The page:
"It'll be fine," he said. "I know how to take care of her." I know he's right. In fact, he can probably take care of her better than I can. And with fewer freakouts and neuroses.

Anyway, that's the news from the ranch. Now I'm going to toss back a few Unisom caplets and hog the bed, because I can.

Sunday, December 02, 2007


Tonight is the first anniversay of the Munchkin's first night at home. At this time last year, I was awake in the wee hours of the morning and I was, as the ladies say in these parts, a total f**king mess.

I didn't sleep the whole time we were in the hospital. I wanted to run through the halls screaming, "HEY, EVERYONE! I JUST SHOVED A HUMAN BEING OUT OF MY HOO-HA WITH NO EPIDURAL!" I don't think I said these words out loud...but I thought them very loudly.

Not that I was counting, but four days with nary a wink of sleep messed me up. On that first night at home, I cried All. Night. Long. I couldn't have told you why back then, and I can't tell you why now. I just cried. And I felt wretched because I thought the first night at home was going to be full of "special" moments, moments of gazing at my new baby in the cradle we'd been staring at for weeks, of rocking and nursing in our new glider, of feeling so grateful that our little baby was finally here. I kept thinking, it's not supposed to be like this.

Of course, now I know that there are no "supposed to be's" in mothering. Everyone's experience is different, from pregnancy to labor & delivery to homecoming. I was such a spaz in those early days (ha, I say that like I'm oh-so-different now). I called the visiting nurse when I thought The Munchkin wasn't eating enough. The nurse came out to the house, weighed the Munchkin and informed me that she had gained a full pound in one week. "She's doing fine," she said.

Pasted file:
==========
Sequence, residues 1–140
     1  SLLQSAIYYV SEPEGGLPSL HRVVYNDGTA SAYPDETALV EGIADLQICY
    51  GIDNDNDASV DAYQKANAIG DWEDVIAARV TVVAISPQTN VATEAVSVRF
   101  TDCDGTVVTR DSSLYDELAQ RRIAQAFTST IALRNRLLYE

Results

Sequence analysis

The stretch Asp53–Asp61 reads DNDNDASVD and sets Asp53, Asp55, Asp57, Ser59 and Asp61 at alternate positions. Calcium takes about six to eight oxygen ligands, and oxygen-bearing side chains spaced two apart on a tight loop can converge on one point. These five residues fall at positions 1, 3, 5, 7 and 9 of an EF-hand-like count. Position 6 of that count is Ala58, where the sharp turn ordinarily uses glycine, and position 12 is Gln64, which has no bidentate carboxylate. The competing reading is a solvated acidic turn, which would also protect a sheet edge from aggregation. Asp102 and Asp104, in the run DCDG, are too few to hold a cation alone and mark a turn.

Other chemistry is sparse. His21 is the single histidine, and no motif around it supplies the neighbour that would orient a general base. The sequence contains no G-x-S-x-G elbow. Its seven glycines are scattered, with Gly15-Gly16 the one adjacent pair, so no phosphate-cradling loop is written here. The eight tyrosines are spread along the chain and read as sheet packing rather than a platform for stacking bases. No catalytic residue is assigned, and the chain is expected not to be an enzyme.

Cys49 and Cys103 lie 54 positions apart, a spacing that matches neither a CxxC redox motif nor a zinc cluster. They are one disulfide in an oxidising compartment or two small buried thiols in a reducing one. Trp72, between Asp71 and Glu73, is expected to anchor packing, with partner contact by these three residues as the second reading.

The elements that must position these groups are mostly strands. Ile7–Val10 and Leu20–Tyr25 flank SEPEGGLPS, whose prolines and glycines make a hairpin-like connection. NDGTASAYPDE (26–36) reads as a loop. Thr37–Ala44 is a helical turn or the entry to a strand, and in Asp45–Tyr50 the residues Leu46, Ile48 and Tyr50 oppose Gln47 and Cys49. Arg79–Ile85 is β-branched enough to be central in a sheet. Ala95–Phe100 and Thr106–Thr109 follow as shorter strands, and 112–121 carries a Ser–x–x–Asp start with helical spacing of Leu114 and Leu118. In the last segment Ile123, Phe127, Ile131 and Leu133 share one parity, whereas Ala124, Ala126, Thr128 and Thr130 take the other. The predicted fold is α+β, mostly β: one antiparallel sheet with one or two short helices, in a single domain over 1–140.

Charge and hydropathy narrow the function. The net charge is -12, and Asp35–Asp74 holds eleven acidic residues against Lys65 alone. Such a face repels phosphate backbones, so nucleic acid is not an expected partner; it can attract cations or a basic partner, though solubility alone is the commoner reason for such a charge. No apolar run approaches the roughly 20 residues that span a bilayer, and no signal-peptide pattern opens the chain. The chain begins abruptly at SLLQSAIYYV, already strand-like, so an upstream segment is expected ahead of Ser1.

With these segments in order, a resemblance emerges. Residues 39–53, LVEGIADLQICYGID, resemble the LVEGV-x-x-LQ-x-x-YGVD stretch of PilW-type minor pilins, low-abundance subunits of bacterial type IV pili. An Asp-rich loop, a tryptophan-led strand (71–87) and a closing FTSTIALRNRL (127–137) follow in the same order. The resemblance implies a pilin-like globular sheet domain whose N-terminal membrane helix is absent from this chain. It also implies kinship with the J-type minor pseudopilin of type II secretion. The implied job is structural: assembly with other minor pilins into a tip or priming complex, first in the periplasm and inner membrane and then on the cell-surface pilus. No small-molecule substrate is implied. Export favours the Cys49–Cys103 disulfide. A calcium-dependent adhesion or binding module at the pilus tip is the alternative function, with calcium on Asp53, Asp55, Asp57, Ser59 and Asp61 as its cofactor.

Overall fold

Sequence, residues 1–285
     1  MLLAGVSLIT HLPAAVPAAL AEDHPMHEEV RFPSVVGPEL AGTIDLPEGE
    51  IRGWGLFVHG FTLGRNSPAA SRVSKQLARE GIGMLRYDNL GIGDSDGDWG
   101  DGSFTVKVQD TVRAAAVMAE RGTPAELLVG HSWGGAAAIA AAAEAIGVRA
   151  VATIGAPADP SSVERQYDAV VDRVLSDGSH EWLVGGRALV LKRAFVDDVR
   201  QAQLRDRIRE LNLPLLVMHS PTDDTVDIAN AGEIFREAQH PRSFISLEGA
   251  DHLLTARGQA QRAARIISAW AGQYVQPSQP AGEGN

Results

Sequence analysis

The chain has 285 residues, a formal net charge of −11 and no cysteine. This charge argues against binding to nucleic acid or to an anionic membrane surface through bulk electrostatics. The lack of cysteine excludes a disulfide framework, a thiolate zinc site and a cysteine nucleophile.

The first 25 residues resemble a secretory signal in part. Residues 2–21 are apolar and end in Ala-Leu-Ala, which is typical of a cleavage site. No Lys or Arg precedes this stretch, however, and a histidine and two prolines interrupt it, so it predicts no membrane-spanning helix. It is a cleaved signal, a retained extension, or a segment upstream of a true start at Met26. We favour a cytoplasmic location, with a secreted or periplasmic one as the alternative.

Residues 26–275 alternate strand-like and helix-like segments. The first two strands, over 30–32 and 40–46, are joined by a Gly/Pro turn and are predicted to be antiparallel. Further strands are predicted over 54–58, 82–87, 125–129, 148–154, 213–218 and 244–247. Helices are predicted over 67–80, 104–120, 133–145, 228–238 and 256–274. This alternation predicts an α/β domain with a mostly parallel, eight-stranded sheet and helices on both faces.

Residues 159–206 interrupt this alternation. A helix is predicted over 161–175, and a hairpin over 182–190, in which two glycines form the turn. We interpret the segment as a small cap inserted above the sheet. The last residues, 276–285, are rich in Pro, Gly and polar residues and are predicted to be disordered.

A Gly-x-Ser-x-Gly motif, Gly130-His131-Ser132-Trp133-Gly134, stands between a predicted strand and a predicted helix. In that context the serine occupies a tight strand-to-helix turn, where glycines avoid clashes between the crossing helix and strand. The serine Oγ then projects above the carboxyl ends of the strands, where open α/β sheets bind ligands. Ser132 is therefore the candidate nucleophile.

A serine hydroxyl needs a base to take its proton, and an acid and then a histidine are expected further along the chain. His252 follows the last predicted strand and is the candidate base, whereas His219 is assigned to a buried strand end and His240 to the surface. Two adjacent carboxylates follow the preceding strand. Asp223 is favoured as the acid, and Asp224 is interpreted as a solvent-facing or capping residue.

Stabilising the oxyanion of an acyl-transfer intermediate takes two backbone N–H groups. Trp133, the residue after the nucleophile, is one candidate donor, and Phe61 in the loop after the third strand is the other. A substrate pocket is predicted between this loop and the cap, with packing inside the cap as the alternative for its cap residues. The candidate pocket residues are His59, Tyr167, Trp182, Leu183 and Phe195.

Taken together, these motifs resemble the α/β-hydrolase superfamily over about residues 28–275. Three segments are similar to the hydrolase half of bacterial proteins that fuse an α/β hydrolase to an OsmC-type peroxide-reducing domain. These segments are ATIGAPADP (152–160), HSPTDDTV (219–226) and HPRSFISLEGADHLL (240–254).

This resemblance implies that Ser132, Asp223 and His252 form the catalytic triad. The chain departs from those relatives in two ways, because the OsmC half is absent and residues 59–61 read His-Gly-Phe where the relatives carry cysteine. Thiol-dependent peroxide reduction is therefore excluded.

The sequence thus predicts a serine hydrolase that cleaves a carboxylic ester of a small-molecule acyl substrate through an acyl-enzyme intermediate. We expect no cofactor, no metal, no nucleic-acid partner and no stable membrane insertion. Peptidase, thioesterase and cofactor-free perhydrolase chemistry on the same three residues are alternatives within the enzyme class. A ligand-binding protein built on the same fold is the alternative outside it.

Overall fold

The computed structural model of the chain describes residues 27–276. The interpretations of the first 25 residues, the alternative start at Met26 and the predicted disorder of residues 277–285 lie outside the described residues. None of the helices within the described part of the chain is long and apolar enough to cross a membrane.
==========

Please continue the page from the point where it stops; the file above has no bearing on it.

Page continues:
I called her again when I thought the Munchkin wasn't holding her head up enough when we layed her on her stomach. The nurse came out again and assured me that she was doing just fine.
I called her again when I was sure that my kid would never eat rice cereal. "She won't open her mouth!" I wailed. "Is there something wrong with her?!"

The nurse, whose name was Pam, and she was wonderful and patient and should have hung up on me several times but she did not, came out again, piled a spoon with rice cereal, and shoved it into the Munchkin's mouth. She looked at Pam like, "What the f**k?" But she ate it.

"She's fine," Pam said. "Have a little patience, mom."

Ah, patience. I think that has been the hardest lesson learned over the past year. Mothering takes a whole new breed of patience. It's a patience of the heart that I've had to learn, the kind that I needed to reassure myself that one day, I would eventually sleep more than two hours a night. The patience I needed to force myself out of the house after spending so long gathering "baby gear" together that by the time I had everything we needed, I didn't feel like going anywhere.

But there were wonderful moments too, moments when motherhood was everything I hoped it would be. Like the first time she smiled at me, and those warm nights when I snuggled her up against my chest like a kangaroo in a pouch. We both slept soundly on those nights, both of us finding comfort in the closeness of the other.

I look at her now, and I already see my little baby disappearing. She is so tall and so (freakin') strong. She has no interest in cuddling. On the rare occassion that she sleeps with me (usually when she's sick), she tosses and turns and smacks me in the face and lordy, she's a pain in the ass. I already miss those messy, crazy, hormonal first months. I know that as rough as it sometimes was, I wouldn't trade them for anything.

It's been a great year. Happy Birthday, muffin.